At that juncture, I asked myself – and thought LF might ask himself: “Huh? Who’s Arya accused of killing? Where’d the murder charge come from?”

      Even if somehow word got out that Arya had exterminated House Frey and taken out Meryn F. Trant, Polliver, and a few other miscreants, she wouldn’t be accused of “murder” in the North. A big old party would be held in her honor, with Lord Manderly popping by to announce in a booming voice: “I was wrong! Arya Stark avenged the Red Wedding! She is the She-Wolf of Winterfell!”

      Sansa started out by proclaiming that honor demands that she defend her family from those who would harm it and defend the North from those who would betray it. Obviously, nobody who’s a Stark and nobody in the North is going to shed a tear for Walder Frey and his damn moron sons. If anything, Arya did what honor demands: took retribution against the traitors who slaughtered her family and hundreds (thousands?) of other Northerners.

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    26. mau,

      Yes, IMO Sansa will send Arya to KL to take out Cersei. But will that be a character development? Probably, because such a move wouldn’t be exactly Starkish.

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    27. Inga:
      mau,

      Yes, IMO Sansa will send Arya to KL to take out Cersei. But will that be a character development? Probably, because such a move wouldn’t be exactly Starkish.

      Well, yes and no. E7 established a new dynamic (or a new Dynamic Duo): Sansa passes the sentence, and Arya swings the sword.

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    28. House Monty:
      mau,

      How active of a role do you see her playing in that fight? Do you see her leaving winterfell?

      I think she will leave WF with Tyrion, Varys, Hound and the army of the Vale to deal with Cersei and Euron in the south, while Dany, Jon and the rest fight with the WW in the North.

      The WW will push Jon and Dany south and everything will culminate at KL at the end of the season.

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    29. Sean C.,

      The core mistake was his rather amateurish misread of what would be a plausible motivation for Arya (even though he’d already hit on a plausible one earlier, one that both sisters played into readily).

      Arya didn’t, but Sansa did. However, I think Littlefinger’s core mistake was thinking he could persuade Sansa of his version of the truth, as he had so many times before. To be honest, I don’t think LF ever thought Sansa was smart, but instead easily manipulable. He repeatedly complimented her intelligence to flatter and disarm her. Since Season 2 he had played her like a fiddle; he was ‘grooming’ her in the modern sense to be his perfect tool. And until Ramsay backfired on him, it had worked.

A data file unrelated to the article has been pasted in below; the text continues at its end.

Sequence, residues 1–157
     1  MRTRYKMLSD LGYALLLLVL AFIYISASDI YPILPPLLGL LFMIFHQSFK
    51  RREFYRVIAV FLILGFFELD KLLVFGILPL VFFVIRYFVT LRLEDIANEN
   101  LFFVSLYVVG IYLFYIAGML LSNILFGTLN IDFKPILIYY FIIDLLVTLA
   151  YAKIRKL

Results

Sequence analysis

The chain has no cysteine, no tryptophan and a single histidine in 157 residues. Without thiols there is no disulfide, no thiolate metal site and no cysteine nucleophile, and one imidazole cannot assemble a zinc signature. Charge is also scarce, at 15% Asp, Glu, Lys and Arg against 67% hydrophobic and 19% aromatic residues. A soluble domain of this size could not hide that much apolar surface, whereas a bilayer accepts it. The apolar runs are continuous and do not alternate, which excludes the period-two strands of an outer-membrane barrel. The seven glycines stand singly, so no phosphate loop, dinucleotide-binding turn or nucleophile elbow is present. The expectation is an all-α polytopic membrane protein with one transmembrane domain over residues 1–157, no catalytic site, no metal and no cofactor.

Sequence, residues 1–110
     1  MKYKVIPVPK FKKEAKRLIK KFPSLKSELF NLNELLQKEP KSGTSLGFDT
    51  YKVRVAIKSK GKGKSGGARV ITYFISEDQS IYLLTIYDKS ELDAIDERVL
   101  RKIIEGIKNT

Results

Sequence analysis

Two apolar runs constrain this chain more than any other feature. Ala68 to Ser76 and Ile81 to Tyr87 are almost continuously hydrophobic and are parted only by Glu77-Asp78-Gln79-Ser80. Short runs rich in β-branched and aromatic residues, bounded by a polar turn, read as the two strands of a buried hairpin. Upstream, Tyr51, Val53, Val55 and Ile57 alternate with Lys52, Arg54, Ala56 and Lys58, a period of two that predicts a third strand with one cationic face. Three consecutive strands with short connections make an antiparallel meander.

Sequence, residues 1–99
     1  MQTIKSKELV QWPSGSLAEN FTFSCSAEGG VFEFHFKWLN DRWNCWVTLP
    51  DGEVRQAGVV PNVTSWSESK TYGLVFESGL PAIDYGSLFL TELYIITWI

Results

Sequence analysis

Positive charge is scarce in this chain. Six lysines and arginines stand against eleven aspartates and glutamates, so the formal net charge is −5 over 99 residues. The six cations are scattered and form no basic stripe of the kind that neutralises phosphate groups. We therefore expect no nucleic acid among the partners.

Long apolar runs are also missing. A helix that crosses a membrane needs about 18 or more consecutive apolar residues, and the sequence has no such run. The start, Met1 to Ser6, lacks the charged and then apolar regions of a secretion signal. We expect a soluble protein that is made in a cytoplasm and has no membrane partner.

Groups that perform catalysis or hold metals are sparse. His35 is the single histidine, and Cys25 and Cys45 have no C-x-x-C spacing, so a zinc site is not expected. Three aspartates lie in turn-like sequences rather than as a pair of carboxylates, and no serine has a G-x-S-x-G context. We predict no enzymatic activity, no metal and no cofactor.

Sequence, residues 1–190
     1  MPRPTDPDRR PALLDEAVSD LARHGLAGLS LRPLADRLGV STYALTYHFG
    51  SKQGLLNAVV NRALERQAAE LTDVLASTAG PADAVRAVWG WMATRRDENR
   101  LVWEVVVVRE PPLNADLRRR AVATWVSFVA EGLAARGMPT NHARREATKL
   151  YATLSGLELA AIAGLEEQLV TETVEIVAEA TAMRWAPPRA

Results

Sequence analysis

What has changed? Well, by now Sansa had gotten smarter and knew many of Littlefinger’s tricks and secrets. But most important, after revealing to Sansa her most intimate secrets and her power, Arya handed her that dagger. This wasn’t just the dagger as an assassin’s most iconic weapon; it was THE dagger meant to take Bran’s life and which Bran, with all his knowledge, decided to gift to Arya. I truly believe Arya’s silent handover was a signal: Bran trusts me; you can trust me; I won’t hurt you; someone else will and you must act. How much of that Sansa understood we’ll never know, but surely it made her ponder, it made her wary, and it made her empowered. Forewarned is forearmed. Littlefinger was playing his old game, but finally Sansa uses her mind as a weapon. Literally, the dagger won.

      Footnote: Clearly, the Catspaw dagger is a mystical weapon, not just a historic, precious bauble featuring Valyrian steel. That Citadel tome Sam was reading associated it with the Targaryens, and its components include dragonbone, gold, VS, and either ruby or red obsidian, both of which have powers. Several GoT YT pundits have posited that it belonged to Rhaegar. If so, I suspect it was a spoil of war Robert took from Rhaegar (it even showed up in the Spoils of War episode!). What I find fascinating is that in the show it has touched every Stark except Robb and Rickon. It should have shed Bran’s blood; it did shed Catelyn’s (and now Littlefinger’s). I’ve said elsewhere that I think Arya will give it to Jon, probably when she learns he’s a Targ. This disappoints me, because I want her to fight White Walkers with it, but it’s the sort of thing she would and IMO should do. And while it’s probably not Lightbringer, in JOn’s hands it will help bring down the Night KIng. IMO it’s the Dagger of Ice and Fire.

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    30. Inga:
      mau,

      Yes, IMO Sansa will send Arya to KL to take out Cersei. But will that be a character development? Probably, because such a move wouldn’t be exactly Starkish.